Keeper Of Classics

Music fan Vernon Cheong has fond memories of the now- defunct Capitol Theatre, just steps away from the cafe in Capitol Building, where this interview took place. It isn't classic films that he reminisces over, but local English language bands like The Quests, that would hit the theatre's stage on Sunday mornings back in the 1960s. "Those performances, held at the Capitol and Odean cinemas, would start at 9 am and end usually by 11 am" said the 56-year old airline operations manager, who is married with two daughters in their 20s. "I remember paying $2 to get in." Over the years, Mr. Cheong has amassed an impressive collection of 1960s and 1970s Singapore music in vinyl records that even music company EMI Singapore had to tap into when they were compiling local golden oldies into CDs.

Recollecting Singapore 60s, launched just before Christmas last year, and its Volume Two, which was released last month, contain popular 1960s hits by local bands like The Quests, The Blackjacks, The Straydogs, as well as a sprinkling of more recent tracks, like songs by Tania and Sarah Chen . According to an EMI spokesman, many master tapes of such recordings were misplaced over time after office moves, so the songs were mostly transferred from selected albums and singles that Mr Cheong has recommended from his library of approximately 200 discs of local music.

The tracks were then digitally enhanced to ensure sound clarity, though Mr Cheong pointed out that most aficionados wouldn't mind an occasional vinyl pop or hiss in their bid to secure these rare recordings. "I'm not paid for the loan of my records." he admitted. "The main motivation for my participation in this project is to share my collection with music lovers of my generation and to preserve it for generations to come." The O level graduate had saved his pocket money while studying at Beatty Secondary School and later used his pay from National Service to splurge on singles and albums priced at $2 and $10 respectively. "In those days, there was a fair mix of local and foreign bands being played on radio." he said. "Local bands were also frequently invited to appear in variety shows on television, with regular gigs performed at the Singapore Badminton Hall and National Theatre." He added " After the British withdrew their military forces from Singapore and an influx of Filipino bands entered the night scene, local music began to show its decline during the mid-1970s."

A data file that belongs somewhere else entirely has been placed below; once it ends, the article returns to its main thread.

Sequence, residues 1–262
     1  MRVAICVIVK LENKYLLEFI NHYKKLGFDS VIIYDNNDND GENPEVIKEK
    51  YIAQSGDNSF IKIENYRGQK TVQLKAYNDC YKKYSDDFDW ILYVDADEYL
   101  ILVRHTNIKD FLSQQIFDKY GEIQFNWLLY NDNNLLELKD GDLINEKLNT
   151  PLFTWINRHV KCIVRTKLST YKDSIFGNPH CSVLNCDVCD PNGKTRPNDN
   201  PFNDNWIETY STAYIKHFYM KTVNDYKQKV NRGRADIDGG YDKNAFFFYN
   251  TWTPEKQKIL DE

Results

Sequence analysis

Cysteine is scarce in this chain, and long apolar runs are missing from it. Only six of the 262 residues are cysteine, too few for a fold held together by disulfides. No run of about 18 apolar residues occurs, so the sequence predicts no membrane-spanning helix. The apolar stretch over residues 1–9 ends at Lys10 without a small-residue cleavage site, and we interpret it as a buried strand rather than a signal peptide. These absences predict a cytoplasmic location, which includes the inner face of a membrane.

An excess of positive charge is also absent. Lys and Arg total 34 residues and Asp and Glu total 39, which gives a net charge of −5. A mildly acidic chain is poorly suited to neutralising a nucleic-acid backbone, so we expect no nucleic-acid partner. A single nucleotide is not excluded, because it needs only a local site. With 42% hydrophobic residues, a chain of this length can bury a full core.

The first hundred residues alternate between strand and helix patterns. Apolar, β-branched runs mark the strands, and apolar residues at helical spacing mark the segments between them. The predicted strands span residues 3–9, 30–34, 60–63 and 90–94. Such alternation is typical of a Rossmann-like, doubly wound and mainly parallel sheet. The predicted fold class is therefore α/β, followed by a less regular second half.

In his spare time, Mr Cheong manages an MSN group called Recollecting The Quests, an online forum dedicated to his favourite band. On the forum, members wax lyrical over recent retro concerts or the latest sightings of Quests members like Vernon Cornelius and Reggie Verghese. He no longer keeps taps on the pop scene now, he confessed, chuckling that he is too entrenched in music hailing from his formative years." The best music is what you grow up with," he said. "Hopefully, our current generation can also appreciate that fact that good local music was produced and supported in the 1960s."

- An article featured in the Straits Times by Yong Shu Hoong.


Reg Guitar

This man needs no introduction, Reginald Verghese ! Better known as the lead guitarist of The Quests, Reg is often referred to as the Guitar Guru of Singapore. In addition, Reg was a very successful record producer of EMI Singspore during the 70s and a talented composer who penned several Quests recordings that include Come On And Shout, Love Has Gone, The Man From Madrid, Dum Dum, I'm On Top Of The World (with Keith Locke), Instrumentally Western, A World Of Tomorrows, Gallopin', I'm Feelin' Good, Champagne and You Are Standing By Me. After The Quests disbanded upon their return from Hong Kong, Reg recorded a series of 8 albums on his own, featuring instrumental hits from both the Western and Eastern pop scene. Thank you for the music, Mr. Guitar Man !